We hit the arcade, then turned our winnings into cold, hard cash.
While the exact prizes offered by UFO catchers (as Japan calls arcade crane or claw games) varies by machine, most of them fall under what you’d call “trinkets.” Sure, a couple give out candies or salty snacks to winners, but most of them are stocked with plastic figures, stuffed animals, or other assorted toys that you’ll take home and stick on your shelf before eventually tossing them in a box or closet to make room for something else.
So it was a pretty big deal last year when UFO catchers with actual gemstones as their prizes started showing up in Japanese arcades. Sure, the stones are tiny, but according to the promotional text on the machine we found near RocketNews24 headquarters in Tokyo’s Shinjuku neighborhood, they’re authentic, naturally occurring gems, procured from low-cost sources in Thailand and Myanmar.
We’ve got a couple of staff members who’re pretty confident in their UFO catcher skills, and so we started wondering if this might be a path to quick and easy riches for us, since each play of the machine costs just 100 yen (US$0.97). After spending, sorry, investing 2,000 yen in a UFO catcher session we walked away with two gems: an opal and a ruby.
Now it was time to see how much our prizes were worth. Like many urban entertainment districts in Japan, Shinjuku has a couple of stores that specialize in buying and reselling brand-name accessories and jewelry. We walked into one such shop, a branch of a fairly well-known chain, and asked the clerk if they could appraise our stones for us.
However, we were crestfallen to hear the clerk respond with “I’m sorry, we can’t appraise gems of this size.” For loose gems, the chain requires them to be a minimum of two carats, and our stones didn’t qualify.
Still, we weren’t ready to give up, so our next stop was a store that specializes in buying gemstones specifically.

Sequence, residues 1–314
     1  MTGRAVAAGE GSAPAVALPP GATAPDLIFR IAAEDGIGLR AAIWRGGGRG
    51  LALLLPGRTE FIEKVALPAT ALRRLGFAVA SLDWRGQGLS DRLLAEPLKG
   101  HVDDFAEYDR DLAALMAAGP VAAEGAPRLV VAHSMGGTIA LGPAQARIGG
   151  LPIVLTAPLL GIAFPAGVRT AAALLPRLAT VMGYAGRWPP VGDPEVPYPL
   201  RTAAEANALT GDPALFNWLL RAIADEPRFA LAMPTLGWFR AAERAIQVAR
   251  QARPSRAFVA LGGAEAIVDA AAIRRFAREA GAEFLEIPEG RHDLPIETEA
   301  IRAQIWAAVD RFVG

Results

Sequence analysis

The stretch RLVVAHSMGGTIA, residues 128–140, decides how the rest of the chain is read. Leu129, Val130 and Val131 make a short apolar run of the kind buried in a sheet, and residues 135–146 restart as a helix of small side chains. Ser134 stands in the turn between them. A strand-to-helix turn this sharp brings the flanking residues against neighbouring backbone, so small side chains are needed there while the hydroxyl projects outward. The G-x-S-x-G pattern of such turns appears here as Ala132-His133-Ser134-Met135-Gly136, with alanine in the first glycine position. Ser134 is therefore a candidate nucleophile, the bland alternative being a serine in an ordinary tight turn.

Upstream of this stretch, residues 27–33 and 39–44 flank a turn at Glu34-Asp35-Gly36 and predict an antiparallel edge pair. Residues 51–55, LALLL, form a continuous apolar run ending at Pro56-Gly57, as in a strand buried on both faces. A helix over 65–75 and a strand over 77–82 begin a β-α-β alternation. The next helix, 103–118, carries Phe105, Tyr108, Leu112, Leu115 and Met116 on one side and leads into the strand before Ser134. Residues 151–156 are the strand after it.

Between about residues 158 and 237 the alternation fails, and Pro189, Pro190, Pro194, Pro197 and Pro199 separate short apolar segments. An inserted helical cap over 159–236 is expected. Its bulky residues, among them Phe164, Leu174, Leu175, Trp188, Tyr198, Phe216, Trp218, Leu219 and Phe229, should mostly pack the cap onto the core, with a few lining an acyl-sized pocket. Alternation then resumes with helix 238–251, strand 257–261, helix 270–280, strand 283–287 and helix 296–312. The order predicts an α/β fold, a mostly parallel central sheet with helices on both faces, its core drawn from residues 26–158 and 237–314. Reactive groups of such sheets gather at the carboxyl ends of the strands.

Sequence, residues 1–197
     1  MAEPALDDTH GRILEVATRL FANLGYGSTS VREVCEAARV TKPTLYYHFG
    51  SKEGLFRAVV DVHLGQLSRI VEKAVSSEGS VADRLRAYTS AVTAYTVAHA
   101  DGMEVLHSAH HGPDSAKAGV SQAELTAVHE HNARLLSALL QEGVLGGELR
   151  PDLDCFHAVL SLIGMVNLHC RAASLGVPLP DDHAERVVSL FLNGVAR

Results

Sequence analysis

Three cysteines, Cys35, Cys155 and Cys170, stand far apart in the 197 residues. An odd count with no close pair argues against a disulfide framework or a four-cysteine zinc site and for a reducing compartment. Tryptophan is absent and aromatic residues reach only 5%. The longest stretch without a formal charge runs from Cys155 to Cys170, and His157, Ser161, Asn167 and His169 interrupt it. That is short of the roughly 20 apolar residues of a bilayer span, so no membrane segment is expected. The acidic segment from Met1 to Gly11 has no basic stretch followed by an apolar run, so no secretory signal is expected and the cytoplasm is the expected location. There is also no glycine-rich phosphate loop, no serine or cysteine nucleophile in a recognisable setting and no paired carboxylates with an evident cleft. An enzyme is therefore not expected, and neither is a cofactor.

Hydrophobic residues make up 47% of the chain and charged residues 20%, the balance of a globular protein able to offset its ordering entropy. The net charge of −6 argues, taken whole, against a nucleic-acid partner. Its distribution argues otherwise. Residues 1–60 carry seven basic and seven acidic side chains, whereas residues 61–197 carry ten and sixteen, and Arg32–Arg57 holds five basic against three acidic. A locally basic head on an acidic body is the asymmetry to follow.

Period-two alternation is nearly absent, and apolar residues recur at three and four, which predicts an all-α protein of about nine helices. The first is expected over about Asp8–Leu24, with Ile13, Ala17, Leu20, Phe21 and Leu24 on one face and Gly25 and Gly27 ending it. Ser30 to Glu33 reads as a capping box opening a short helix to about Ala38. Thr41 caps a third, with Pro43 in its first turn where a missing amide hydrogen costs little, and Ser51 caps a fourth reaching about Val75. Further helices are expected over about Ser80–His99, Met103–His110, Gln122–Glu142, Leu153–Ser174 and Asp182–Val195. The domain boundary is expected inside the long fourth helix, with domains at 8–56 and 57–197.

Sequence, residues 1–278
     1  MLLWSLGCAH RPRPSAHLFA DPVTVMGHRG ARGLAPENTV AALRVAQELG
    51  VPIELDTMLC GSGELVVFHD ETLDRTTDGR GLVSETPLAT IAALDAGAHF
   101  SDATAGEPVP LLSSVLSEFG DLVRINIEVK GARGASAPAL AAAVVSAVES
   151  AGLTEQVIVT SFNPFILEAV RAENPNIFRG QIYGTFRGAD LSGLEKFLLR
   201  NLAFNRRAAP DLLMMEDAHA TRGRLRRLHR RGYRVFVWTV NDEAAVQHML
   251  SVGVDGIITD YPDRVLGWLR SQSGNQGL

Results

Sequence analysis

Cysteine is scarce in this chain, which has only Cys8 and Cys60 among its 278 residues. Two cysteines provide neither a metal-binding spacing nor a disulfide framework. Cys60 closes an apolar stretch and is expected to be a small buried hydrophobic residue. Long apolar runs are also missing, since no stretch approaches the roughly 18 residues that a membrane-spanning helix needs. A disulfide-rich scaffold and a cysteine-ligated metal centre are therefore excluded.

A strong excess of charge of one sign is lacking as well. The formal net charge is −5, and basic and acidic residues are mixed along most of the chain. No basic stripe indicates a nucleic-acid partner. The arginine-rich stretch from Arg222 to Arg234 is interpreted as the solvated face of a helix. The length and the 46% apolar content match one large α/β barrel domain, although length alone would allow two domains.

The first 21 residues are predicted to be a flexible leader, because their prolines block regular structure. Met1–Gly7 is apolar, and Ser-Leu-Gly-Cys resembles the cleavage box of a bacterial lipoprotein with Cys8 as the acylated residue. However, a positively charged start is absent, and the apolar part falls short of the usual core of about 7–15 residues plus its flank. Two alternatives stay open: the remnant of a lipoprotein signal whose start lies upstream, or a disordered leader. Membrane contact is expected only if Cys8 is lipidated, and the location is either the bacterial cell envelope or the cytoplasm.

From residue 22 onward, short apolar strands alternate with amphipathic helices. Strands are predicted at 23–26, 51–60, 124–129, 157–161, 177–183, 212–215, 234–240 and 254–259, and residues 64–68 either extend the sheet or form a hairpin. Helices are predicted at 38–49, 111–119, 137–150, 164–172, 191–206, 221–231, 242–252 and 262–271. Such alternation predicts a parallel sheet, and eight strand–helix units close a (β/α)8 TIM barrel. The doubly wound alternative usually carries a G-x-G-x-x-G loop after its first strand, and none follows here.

We entered the tastefully appointed establishment and sheepishly approached the receptionist. Pulling out the gems, we asked “Would it be possible to have these appraised?” and to our pleasant surprise, she told us, “Yes, we can do that for you.”
With that, we were ushered into a waiting room, where we were served iced coffee and a cookie while the gems were examined.
Eventually, the appraiser came in and gave us the results. “First, these appear to be real gems,” he told us, and our spirits soared to the heights we expected our bank accounts to soon reach. But through our elation, we heard him continue. “However, in order to use them in, for example, a ring or pendant, they’ll have to be shaved and polished.”
That sort of processing would of course require effort and expense, and so we began to fear that maybe our gems weren’t going to be as fantastically valuable as we’d hoped. We braced ourselves as the appraiser handed over the form showing the final judgement of how much our two gems, collectively, were worth.
10 yen? 10 yen?!?!? After pumping 2,000 yen into the UFO catcher, our prizes ended up being worth less than one percent of the money we’d spent to win them.
In conclusion, it looks like UFO catchers are not, in fact, going to make any of us rich. Still, the idea of winning actual gems at the arcade is kind of cool, so from an entertainment standpoint, we wouldn’t say it’s a complete waste of money. If you really are looking for economic gain, though, we absolutely recommend selling the gems at a place that serves refreshments, since our coffee and cookie were worth far more than our ruby and opal.
[ Read in Japanese ]
Follow Casey on Twitter, where he’d like to know where he put that Zaku II keychain he won at the arcade so many years ago.
[ Read in Japanese ]